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A blog for Seattle music lovers of all stripes, from hip-hop and indie rock to jazz and world music.

August 18, 2014 at 3:01 PM

The Posies still sound fresh | Concert preview

The Posies performing in Haarlem, outside Amsterdam, earlier this month. (Jacqueline Reboir)

The Posies performing in Haarlem, outside Amsterdam, earlier this month. (Jacqueline Reboir)

In 1988, the noisy squall of grunge was well on its way to becoming the next big musical thing, with Soundgarden, Nirvana and Mudhoney all steadily building an audience in Seattle clubs and around the country.

But there was another sound emanating from the Pacific Northwest that year — sweet, unabashed pop with harmonies that hearkened back to the 1960s British Invasion. “Failure,” an album by a two-man Bellingham-based team who called themselves the Posies, epitomized that sound.

In conjunction with the reissue of the album this month on Omnivore (with bonus tracks), the two men who are the core of the Posies are making appearances at the Triple Door, in Bellingham and at Bumbershoot (under the name Big Star’s Third).

“We weren’t oblivious to what was going on [musically], but we didn’t let it affect what we wanted to do,” said guitarist Jonathan Auer, one of the band’s founding members, along with guitarist Ken Stringfellow. “We were just doing what we liked, having fun, off on our own, totally DIY.”

“Failure” was originally a self-released cassette. When the songs went into high rotation on Seattle new wave station KJET, Auer and Stringfellow found themselves courted by major labels before they even had a full band. The two opted to buy some time by having Seattle label PopLlama release the tape as a record in late 1988.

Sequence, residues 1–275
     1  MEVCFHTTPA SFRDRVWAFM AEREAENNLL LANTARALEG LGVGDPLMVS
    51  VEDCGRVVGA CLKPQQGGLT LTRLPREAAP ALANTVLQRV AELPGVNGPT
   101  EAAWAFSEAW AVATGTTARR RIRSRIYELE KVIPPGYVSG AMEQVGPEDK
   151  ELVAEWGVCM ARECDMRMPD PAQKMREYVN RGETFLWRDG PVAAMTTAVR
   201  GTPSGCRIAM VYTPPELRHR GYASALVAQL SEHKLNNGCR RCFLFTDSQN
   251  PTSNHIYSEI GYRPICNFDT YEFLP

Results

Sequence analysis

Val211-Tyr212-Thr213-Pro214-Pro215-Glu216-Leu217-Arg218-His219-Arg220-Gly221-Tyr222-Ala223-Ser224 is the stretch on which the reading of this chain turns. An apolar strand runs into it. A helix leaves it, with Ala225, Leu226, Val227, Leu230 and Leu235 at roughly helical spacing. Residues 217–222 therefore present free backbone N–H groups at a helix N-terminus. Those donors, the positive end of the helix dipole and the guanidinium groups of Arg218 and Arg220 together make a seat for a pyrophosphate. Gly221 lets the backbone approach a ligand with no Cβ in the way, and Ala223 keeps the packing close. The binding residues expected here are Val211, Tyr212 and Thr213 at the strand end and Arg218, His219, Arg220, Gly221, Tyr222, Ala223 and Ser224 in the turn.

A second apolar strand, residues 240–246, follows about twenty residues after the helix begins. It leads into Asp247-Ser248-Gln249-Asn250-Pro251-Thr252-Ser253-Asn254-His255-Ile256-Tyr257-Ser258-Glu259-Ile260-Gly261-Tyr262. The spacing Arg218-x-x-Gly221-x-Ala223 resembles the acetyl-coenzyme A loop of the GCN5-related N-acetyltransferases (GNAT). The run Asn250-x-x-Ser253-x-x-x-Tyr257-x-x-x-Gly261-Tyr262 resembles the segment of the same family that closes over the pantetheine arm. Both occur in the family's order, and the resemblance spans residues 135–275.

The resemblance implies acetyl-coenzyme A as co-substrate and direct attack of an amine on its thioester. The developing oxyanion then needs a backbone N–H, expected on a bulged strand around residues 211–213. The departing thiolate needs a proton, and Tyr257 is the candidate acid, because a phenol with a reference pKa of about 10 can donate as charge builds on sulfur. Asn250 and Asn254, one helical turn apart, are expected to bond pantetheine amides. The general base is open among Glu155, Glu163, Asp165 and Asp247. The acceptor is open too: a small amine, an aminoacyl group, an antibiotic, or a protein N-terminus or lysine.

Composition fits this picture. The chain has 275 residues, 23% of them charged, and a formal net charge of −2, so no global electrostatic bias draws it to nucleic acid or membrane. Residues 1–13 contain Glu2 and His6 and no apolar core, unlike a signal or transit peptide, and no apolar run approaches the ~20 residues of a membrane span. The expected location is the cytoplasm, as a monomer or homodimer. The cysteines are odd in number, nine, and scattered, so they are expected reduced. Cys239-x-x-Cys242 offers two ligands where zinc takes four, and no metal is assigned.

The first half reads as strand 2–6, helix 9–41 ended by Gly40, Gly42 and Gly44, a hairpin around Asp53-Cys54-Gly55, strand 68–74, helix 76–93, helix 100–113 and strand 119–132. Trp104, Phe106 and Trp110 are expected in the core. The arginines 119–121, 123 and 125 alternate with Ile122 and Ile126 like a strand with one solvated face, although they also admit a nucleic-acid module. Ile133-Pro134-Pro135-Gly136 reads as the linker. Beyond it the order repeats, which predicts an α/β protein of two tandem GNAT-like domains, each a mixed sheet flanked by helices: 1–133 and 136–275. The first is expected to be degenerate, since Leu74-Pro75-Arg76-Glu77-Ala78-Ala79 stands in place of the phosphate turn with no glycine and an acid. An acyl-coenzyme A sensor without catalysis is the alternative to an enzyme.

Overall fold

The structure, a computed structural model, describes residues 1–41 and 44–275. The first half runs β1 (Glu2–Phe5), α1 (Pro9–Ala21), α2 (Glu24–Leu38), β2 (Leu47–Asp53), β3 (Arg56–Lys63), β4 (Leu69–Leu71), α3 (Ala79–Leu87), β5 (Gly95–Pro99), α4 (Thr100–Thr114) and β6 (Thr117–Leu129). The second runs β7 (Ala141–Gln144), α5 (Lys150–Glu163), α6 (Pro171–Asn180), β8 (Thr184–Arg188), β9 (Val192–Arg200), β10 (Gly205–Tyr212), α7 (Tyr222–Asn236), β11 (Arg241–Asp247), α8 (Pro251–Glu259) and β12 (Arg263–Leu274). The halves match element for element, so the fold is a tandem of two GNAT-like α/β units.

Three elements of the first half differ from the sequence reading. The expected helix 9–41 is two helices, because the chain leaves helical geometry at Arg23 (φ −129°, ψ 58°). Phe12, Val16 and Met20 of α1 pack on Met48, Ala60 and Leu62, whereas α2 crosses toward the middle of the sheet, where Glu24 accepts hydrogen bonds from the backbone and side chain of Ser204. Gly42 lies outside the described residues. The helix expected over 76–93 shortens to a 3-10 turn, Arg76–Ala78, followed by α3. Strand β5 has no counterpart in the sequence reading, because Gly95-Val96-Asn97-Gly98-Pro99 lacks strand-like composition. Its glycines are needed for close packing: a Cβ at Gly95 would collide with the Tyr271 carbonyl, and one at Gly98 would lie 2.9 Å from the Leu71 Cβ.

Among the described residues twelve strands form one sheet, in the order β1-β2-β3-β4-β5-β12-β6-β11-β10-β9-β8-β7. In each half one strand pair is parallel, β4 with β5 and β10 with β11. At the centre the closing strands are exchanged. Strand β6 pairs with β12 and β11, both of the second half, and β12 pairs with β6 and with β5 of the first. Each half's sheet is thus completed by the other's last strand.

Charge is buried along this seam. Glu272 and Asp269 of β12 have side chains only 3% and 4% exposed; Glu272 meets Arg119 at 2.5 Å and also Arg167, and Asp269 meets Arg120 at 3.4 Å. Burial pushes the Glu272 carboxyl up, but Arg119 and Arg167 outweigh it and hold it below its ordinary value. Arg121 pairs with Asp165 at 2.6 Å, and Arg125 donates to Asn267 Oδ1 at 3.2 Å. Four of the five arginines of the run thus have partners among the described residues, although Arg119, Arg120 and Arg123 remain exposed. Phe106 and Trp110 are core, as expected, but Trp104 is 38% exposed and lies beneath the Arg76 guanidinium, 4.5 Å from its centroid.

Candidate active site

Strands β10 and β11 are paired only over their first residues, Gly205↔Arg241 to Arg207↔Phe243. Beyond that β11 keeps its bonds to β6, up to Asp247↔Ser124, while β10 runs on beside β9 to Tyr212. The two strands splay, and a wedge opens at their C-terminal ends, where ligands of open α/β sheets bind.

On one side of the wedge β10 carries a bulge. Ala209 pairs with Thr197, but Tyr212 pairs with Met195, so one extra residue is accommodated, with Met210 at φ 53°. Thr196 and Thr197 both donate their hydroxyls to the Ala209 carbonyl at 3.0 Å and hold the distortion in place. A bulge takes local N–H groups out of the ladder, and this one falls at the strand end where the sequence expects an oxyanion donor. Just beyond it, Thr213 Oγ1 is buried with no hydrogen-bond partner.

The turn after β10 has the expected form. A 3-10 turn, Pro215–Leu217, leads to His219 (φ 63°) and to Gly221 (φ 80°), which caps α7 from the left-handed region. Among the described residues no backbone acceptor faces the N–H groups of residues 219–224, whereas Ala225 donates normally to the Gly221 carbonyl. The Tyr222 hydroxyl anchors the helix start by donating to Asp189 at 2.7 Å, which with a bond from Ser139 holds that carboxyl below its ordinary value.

“That was our goal — to be label mates with the Young Fresh Fellows!” said Stringfellow. “Our other goal was to play Bumbershoot. That was really as far ahead as we’d thought.”

The album received a glowing review in the trade magazine Cash Box in February 1989. It was rare coverage for a Northwest act at the time. A bassist and drummer were added to the lineup, and the Posies ended up signing with DGC, a year before the same label picked up Nirvana.

When the grunge wave hit, the Posies’ Northwest connection proved to be “a double-edged sword,” in Auer’s view. “It had a way of skewing expectations — people would see where we were from and automatically assume we were going to sound a certain way. It did seem we were a harder sell at the time, partially because we didn’t fit the trends.”

The band enjoyed some radio hits and Ringo Starr covered its song “Golden Blunders” (the Posies opened for the former Beatle at a concert at the Gorge in 1992). But after three albums on DGC (and numerous lineup changes), interest waned.

The Posies returned to PopLlama, releasing “Success” in 1998, its title a tongue-in-cheek nod to the first album. The band then became a part time endeavor as the members pursued other interests. (In addition to their solo records, Auer and Stringfellow joined Memphis cult band Big Star; Stringfellow also played with R.E.M.).

But “Failure” still has a winning appeal. The music gleams with a professional polish, making the jangly guitars sound as fresh as they did 26 years ago.

“There’s no cynicism in what we do,” said Stringfellow. “Our bookish, heartfelt music had much in common with what came next in Seattle — Death Cab for Cutie and the like — so that generation of listeners was able to relate to what we were doing too.”

The Posies (acoustic)

8 and 11 p.m., Saturday, Aug. 23, at The Triple Door, 216 Union St., Seattle; $20-$75. 8 p.m. show sold out (206-838-4333 or thetripledoor.net).

Friday, August 29, house show in Bellingham, contact partrick.wickline@gmail.com for info.

Big Star’s Third (Jonathan Auer and Ken Stringfellow as part of an all-star lineup playing Big Star’s Sister Lovers album)

8 p.m., Sunday, Aug. 31, at Bumbershoot, Seattle Center, $55-$230 (206-701-1482 or bumbershoot.org).

 

Comments | More in Rock/Pop | Topics: "Failure", "Success", Bumbershoot

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